Roy Moore Becomes Increasingly Defiant: Trump ‘Doesn’t Control Who Votes’

Republican senatorial candidate Roy Moore arrives at an election night party in Montgomery, Alabama, on December 12, 2017. Alabama voters were casting the last ballots Tuesday in a pivotal US Senate contest between a... Republican senatorial candidate Roy Moore arrives at an election night party in Montgomery, Alabama, on December 12, 2017. Alabama voters were casting the last ballots Tuesday in a pivotal US Senate contest between a Republican dogged by accusations he once preyed on teenage girls and a Democrat seeking an upset win in a deeply conservative southern state. / AFP PHOTO / JIM WATSON (Photo credit should read JIM WATSON/AFP/Getty Images) MORE LESS
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May 30, 2019 7:53 am
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Roy Moore became increasingly defiant throughout the course of the day on Wednesday, after President Trump posted a tweet warning him he shouldn’t run for Senate in Alabama.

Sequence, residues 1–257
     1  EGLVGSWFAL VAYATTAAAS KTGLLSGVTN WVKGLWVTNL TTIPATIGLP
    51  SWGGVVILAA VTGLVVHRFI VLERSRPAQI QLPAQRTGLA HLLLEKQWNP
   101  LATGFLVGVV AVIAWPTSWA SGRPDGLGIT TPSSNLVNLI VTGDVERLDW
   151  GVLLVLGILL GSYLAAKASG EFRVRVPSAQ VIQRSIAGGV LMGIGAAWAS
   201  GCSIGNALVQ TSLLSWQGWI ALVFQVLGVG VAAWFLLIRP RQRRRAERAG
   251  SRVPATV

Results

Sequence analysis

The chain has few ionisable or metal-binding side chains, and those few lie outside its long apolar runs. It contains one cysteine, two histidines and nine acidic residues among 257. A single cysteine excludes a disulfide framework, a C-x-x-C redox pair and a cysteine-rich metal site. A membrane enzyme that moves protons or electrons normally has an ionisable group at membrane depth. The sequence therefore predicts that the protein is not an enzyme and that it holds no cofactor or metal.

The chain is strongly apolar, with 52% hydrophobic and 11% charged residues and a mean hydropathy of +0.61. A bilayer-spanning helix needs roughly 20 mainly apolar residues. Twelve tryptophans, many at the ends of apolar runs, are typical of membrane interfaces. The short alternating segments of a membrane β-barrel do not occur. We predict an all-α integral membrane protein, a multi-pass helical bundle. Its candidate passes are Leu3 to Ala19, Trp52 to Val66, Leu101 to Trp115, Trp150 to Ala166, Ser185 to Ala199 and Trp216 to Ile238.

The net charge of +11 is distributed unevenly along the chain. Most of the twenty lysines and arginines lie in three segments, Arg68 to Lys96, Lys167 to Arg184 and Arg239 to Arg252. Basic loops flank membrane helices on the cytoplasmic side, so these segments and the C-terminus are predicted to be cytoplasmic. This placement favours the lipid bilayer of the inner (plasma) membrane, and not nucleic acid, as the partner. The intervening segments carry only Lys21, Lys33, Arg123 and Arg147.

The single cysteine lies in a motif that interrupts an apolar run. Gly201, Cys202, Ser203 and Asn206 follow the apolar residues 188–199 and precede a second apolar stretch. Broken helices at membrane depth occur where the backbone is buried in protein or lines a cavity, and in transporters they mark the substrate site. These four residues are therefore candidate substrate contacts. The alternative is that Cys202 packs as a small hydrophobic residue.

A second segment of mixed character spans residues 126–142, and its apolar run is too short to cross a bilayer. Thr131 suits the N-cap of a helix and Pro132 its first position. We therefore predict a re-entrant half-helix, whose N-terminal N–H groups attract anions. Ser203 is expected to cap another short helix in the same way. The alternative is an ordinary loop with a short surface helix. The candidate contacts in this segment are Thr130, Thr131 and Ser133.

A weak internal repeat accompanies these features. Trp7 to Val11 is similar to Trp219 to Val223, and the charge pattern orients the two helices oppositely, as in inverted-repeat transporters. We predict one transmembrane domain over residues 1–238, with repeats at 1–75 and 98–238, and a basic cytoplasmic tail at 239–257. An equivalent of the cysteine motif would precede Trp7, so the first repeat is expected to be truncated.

During an interview with the Associated Press published early afternoon Wednesday, Moore offered that Trump was just being pressured by the media, Democrats and the establishment in Washington, D.C. Later Wednesday evening, Politico characterized Moore’s attitude as defiant.

“The president doesn’t control who votes for the United States Senate in Alabama,” Moore told Politico. “People in Alabama are smarter than that. They elect the senator from Alabama, not from Washington, D.C.”

Moore claimed to Politico that Republicans in his state are worried he still has a strong base of support in the state.

“They know I’ll win,” he said. “That’s why they’re upset.”

On Wednesday Trump warned of the dire consequences of a Democratic win in Alabama and flatly stated that Moore doesn’t have the ability to win in the state. The cold shoulder from the President is a shift for Moore, who, despite multiple allegations that he molested teenagers in his 30s, still enjoyed the support of the president during his first senate bid in 2017.

Sen. Doug Jones (D-AL) beat Moore and became the first Democratic senator to represent the state in 25 years.

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